Salais v. Houston Distributing Company, Inc.
ORDER denying 12 Motion for Conditional Class Certification and Notice.(Signed by Judge Melinda Harmon) Parties notified.(jdav, 4)
Case 4:16-cv-02715 Document 19 Filed in TXSD on 07/06/17 Page 1 of 6
United States District Court
Southern District of Texas
UNITED STATES DISTRICT COURT
SOUTHERN DISTRICT OF TEXAS
JACOB R SALAIS,
HOUSTON DISTRIBUTING COMPANY,
July 07, 2017
David J. Bradley, Clerk
CIVIL ACTION NO. 4:16-CV-2715
ORDER AND OPINION
Before the court is the Plaintiff’s Motion for Conditional Class Certification and Notice,
filed January 27, 2017. Doc. 12. The Defendant filed its Response to the Plaintiff’s Motion on
February 16, 2017. Doc. 13. The Plaintiff filed his Reply on February 23, 2017. Doc. 14. After
considering these documents and the applicable law, the court hereby DENIES the Plaintiff’s
Motion for Conditional Class Certification and Notice.
The Plaintiff, Jacob Salais, is a former employee of the Defendant, Houston Distributing
Company, Inc., (“HDC”). There is some disagreement regarding the Plaintiff’s actual job titles,
but his duties primarily consisted of manually feeding cases of beer into an automated
distribution and loading system.1 Doc. 13 at 2. The Plaintiff alleges that the Defendant
automatically deducted 30 minutes from each day’s work for meal periods even though the
workers were required to work during the lunch periods, were often interrupted with work tasks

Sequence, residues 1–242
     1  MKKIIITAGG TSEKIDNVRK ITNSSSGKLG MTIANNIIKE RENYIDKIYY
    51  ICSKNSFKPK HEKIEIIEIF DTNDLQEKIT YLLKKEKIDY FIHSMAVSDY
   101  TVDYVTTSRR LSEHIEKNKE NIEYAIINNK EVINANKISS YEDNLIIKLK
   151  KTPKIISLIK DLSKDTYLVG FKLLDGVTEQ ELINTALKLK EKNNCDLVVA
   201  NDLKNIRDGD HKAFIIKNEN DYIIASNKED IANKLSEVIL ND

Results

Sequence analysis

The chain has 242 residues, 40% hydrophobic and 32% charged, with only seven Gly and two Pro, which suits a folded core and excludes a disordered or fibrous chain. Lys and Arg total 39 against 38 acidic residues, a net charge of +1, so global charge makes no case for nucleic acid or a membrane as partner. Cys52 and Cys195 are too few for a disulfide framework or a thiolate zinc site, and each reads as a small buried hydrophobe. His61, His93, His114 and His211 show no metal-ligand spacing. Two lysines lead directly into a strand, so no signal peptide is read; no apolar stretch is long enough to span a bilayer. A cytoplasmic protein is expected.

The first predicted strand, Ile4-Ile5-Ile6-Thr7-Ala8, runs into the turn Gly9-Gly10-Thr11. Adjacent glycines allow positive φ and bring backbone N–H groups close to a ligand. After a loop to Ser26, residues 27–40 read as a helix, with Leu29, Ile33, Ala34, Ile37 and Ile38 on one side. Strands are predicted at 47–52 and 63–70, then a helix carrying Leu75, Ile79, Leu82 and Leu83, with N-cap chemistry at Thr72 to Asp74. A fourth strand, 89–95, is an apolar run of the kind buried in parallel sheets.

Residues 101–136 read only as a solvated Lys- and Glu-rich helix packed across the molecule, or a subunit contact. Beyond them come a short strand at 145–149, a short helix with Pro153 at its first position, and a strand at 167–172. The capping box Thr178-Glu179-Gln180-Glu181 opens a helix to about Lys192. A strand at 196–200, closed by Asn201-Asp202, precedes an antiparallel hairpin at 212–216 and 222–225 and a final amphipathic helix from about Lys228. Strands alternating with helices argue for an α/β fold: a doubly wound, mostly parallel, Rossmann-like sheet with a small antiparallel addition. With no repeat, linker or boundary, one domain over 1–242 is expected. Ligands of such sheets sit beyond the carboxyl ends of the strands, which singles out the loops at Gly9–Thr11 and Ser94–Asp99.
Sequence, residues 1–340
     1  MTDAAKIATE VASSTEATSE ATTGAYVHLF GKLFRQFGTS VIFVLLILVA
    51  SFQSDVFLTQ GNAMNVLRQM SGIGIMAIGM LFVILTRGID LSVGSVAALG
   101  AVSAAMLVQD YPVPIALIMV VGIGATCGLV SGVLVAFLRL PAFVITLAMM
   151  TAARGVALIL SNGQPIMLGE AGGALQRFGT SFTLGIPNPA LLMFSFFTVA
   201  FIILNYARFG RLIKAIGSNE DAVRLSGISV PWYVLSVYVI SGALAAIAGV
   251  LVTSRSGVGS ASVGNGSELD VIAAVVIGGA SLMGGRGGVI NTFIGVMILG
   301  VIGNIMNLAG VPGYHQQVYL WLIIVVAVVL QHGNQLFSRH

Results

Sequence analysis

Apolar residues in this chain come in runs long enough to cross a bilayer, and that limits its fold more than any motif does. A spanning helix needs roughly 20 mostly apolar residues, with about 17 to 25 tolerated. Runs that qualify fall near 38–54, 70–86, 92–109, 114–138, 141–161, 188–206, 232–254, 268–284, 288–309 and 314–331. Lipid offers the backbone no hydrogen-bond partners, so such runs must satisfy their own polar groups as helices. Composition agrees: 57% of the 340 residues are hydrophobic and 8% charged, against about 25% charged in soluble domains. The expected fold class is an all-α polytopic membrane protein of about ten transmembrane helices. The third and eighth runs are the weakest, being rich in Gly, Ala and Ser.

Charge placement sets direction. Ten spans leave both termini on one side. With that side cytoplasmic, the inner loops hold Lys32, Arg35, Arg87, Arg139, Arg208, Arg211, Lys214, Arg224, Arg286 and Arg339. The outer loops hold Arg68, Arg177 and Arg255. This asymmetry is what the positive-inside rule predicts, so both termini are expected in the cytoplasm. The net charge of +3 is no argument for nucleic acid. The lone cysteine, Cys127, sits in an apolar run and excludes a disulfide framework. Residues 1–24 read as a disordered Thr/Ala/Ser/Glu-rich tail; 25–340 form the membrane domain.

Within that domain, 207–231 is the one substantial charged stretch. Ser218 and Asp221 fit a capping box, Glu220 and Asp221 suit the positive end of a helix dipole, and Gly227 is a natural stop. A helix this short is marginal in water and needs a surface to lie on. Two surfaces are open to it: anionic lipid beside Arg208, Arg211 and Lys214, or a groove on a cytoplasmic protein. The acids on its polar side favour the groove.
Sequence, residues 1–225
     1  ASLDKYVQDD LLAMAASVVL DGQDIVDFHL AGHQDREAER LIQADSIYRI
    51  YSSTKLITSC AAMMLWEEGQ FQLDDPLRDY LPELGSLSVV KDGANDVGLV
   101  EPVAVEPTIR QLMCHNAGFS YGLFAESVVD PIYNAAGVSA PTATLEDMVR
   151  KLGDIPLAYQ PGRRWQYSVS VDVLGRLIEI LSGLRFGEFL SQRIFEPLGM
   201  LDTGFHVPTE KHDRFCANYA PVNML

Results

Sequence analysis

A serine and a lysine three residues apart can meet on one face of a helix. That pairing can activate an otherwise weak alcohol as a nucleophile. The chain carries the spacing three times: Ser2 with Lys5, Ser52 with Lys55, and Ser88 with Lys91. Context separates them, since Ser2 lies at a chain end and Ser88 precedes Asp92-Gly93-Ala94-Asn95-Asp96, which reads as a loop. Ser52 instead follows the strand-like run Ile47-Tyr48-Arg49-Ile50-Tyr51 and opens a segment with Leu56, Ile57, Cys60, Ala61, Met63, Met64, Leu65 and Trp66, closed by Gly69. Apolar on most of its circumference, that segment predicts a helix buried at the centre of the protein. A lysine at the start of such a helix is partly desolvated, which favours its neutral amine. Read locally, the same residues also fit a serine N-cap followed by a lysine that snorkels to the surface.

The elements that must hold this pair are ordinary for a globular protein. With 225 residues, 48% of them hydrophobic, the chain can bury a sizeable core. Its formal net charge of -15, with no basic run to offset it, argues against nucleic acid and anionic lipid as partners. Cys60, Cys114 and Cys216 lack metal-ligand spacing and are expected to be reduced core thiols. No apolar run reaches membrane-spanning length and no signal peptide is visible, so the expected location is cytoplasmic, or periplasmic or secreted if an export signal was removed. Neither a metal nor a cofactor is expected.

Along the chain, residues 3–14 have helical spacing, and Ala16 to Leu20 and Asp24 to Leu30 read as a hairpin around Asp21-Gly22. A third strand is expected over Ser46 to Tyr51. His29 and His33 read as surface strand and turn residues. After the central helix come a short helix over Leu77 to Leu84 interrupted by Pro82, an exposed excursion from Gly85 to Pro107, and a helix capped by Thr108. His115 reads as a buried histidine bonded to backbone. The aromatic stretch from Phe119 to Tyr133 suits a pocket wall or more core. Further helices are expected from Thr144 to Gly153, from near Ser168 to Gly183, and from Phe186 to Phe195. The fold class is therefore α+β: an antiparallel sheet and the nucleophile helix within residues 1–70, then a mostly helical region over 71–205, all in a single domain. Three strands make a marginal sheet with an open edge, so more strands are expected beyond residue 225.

during their lunch period, or were not able to take a lunch break at all. Doc 12 at 5. This caused
miscalculations of hours which resulted in unpaid overtime wages. The Plaintiff seeks to certify
The Plaintiff says that his job position was “in the towers” and then later, a Flow Rack Technician or Flow Rack
Operator. Doc. 12-1 at 1. The Defendant says the Plaintiff’s job title was Flow Rack Technician (“FRT”) at first,
and then later he changed positions to HQS Operator. Doc. 13 at 2.
Case 4:16-cv-02715 Document 19 Filed in TXSD on 07/06/17 Page 2 of 6
the following conditional class under the FLSA:
All plant workers employed by Houston Distributing Company, Inc. during the
past three years who were required to work through their meal period or were not
permitted to take an uninterrupted meal break, and who were subject to the
automatic meal break deduction. (“Putative Class Members”).
Id. The Defendant opposes the Plaintiff’s Motion. Doc. 13. The Motion is now ripe for
Department of Labor regulations recognize breaks of two categories: rest breaks and meal
periods. Rest breaks are generally 5-20 minutes, and benefit the employee with rest, and benefit
the employer with a reenergized employee, and are customarily included in the compensated
hours of the employee. 29 C.F.R. § 785.18. Meal periods are generally at least 30 minutes long,
and are not compensated because they are primarily for the benefit of the employee who is not
working during that time. 29 C.F.R. § 785.19.
While most breaks fall neatly into one category or the other, the unique qualities of
certain jobs can give rise to breaks that fall into neither category, and courts must decide whether
a certain type of break should be compensated as work time or not. The Fifth Circuit has adopted
a “predominant benefit test,” asking which party, the employer or employee, gains the primary or
predominant benefit of that break. Naylor v. Securiguard, Inc., 801 F.3d 501, 506 (5th Cir.
2015). This test asks whether “the employees are subject to real limitations on their personal
freedom which inure to the benefit of the employer; whether restrictions are placed on the
employee's activities during those times...; whether the employee remains responsible for